New Zealand’s Famous Firearm Confiscation Turned Into A Massive Failure As Citizens Refuse To Comply!

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In the wake of the Christchurch massacre in March of this year, the government of New Zealand quickly and nearly unanimously passed a law in April to ban military-style rifles and similar weapons. What has transpired over the last half a year since, most likely will not surprise you. The citizens of New Zealand have basically rebelled en masse, refusing to comply.

In fact, the massive failure is so great, that Police Minister Stuart Nash issued a reminder last month that time was running out for citizens to take part in the firearms amnesty and buyback.

“Don’t wait,” Mr Nash says. “Police are very clear that the deadline is looming.”

With less than two months to go before the government-imposed deadline, less than 20% of the estimated number of banned firearms have been handed over. The process ends on December 20th.

According to the NZ Beehive:

New Zealand Police Minister Stuart Nash announced this week that more than 32,000 prohibited weapons have been returned to the government since collections began in mid-July. Some estimates put the number of newly-banned military-style semi-automatic rifles in the country at up to 175,000.

This would suggest a compliance rate, so far, as low as 18 percent, 16 weeks into the buyback program. With seven weeks left to go until the amnesty period ends, if the current rate of return holds, the New Zealand government is on track to collect around 50,000 prohibited weapons pursuant to the buyback. That would impute a final compliance rate of around 29 percent, at the lower end, which would represent a modest but tangible success for policymakers.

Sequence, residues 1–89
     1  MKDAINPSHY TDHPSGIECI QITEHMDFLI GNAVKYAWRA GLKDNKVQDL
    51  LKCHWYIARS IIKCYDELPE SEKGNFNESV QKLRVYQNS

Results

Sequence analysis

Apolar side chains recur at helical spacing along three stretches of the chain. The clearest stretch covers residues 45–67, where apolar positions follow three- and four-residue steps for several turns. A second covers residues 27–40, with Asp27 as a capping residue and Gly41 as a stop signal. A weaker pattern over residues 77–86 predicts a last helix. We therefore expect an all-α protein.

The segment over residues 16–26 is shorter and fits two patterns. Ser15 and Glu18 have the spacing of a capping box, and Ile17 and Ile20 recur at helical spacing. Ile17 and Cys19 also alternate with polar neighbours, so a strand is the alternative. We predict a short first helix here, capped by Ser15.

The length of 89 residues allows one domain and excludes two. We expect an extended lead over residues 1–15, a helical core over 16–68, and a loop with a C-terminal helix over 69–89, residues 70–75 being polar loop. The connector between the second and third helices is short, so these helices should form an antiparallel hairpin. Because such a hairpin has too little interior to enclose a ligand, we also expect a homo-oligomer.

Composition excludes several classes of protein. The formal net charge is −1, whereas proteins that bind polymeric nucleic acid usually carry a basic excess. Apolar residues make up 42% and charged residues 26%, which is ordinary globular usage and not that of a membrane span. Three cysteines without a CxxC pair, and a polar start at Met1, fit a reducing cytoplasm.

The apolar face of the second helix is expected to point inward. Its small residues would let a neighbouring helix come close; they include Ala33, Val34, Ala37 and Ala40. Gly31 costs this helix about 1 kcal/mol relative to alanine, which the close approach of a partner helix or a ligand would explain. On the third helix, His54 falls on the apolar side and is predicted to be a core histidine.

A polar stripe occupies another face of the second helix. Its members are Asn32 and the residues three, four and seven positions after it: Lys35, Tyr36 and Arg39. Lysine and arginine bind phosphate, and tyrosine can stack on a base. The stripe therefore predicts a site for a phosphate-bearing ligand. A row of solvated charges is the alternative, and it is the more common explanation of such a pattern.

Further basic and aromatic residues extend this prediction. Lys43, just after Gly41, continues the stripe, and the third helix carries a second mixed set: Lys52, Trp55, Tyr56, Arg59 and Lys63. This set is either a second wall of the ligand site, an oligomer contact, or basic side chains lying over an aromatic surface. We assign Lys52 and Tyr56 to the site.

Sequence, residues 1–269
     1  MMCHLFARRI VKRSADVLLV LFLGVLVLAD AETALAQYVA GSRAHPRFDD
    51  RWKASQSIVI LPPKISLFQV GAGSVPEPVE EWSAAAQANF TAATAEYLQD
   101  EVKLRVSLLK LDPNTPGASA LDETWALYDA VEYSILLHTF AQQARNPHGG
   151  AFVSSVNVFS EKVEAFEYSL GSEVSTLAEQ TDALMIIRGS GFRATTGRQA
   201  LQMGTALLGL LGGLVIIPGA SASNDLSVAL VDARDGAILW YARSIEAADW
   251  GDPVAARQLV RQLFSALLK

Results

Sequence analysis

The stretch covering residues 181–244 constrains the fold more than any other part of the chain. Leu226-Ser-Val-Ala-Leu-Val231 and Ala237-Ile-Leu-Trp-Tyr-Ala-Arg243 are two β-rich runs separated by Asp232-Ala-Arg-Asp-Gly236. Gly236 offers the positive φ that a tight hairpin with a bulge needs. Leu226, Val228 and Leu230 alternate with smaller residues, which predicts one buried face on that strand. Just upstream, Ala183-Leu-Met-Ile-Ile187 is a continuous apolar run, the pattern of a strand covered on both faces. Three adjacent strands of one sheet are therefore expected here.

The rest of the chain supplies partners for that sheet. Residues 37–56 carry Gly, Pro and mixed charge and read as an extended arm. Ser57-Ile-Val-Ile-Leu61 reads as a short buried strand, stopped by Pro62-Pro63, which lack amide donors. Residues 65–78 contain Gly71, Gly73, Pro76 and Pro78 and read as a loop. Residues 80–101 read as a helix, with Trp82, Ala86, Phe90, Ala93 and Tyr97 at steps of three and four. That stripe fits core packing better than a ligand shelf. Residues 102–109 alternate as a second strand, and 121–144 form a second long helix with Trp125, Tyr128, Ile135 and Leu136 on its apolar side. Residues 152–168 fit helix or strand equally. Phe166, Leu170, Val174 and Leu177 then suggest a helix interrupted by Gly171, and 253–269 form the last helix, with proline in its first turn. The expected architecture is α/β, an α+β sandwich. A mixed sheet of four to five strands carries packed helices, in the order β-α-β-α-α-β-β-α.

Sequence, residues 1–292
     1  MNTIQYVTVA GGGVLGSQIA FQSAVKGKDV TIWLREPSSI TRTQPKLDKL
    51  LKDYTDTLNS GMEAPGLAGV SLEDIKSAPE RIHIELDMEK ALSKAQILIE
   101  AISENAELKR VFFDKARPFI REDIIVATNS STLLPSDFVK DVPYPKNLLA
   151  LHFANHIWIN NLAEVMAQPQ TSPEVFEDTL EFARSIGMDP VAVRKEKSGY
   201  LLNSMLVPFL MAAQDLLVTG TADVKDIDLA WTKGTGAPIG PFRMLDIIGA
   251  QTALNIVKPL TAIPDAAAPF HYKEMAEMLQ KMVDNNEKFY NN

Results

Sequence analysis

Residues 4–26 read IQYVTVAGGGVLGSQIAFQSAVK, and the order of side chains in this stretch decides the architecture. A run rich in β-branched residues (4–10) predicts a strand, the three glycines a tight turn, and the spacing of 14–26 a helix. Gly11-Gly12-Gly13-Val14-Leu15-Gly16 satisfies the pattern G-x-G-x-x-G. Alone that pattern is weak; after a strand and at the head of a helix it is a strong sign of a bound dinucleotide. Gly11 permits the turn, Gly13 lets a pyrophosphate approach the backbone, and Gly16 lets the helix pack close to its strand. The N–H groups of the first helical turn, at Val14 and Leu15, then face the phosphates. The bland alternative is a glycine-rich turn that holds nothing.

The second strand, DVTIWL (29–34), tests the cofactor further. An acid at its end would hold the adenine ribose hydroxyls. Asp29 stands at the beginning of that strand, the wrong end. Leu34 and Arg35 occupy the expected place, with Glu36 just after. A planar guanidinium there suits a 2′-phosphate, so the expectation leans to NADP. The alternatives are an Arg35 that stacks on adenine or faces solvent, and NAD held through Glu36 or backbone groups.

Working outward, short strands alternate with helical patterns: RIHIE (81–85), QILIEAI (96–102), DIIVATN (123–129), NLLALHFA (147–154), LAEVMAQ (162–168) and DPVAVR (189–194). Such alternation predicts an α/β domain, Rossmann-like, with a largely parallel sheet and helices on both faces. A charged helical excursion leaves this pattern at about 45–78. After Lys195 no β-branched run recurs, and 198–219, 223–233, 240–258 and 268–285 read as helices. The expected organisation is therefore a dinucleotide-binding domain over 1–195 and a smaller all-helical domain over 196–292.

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The attitude of the government seemed to be to dig into the trenches and force the citizens of New Zealand to comply, but that is unlikely due to the logistical problem of making it happen. Like the United States, New Zealand does not have a registry, so how many, and where, is an answer that will remain unknown.

Growing opposition from New Zealand’s pro-firearm groups has also  complicated efforts to round up the now-banned firearms under the buyback program. Lawsuits have also been threatened.

Authorities are “operating a little bit in the dark,” said Joe Green, firearm-safety specialist and former arms control manager for the New Zealand Police. “It’s really an open checkbook, because they don’t know how many they are buying back.”

But the rhetoric has not slowed down one bit.

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“Owning a firearm is a privilege not a right,” New Zealand Prime Minister Jacinda Ardern said in September as the country’s parliament considered more new gun control laws.

“Lawful firearms owners did nothing wrong but the law changed and they found themselves with prohibited weapons. This was never aimed at them but was designed to stop another terror attack like that on 15 March.” stated New Zealand Police Minister Stuart Nash.

“The firearms buyback ends on 20 December. We will not extend it. Do it now!” Nash continued.

It really looks like Ardern’s ban and confiscation is going to create more armed criminals than disarm them, since she’s turning law-abiding owners into felons for simply maintaining possession of their legally acquired firearms.

In a nutshell, it seems to be a massive failure, as it would be here.

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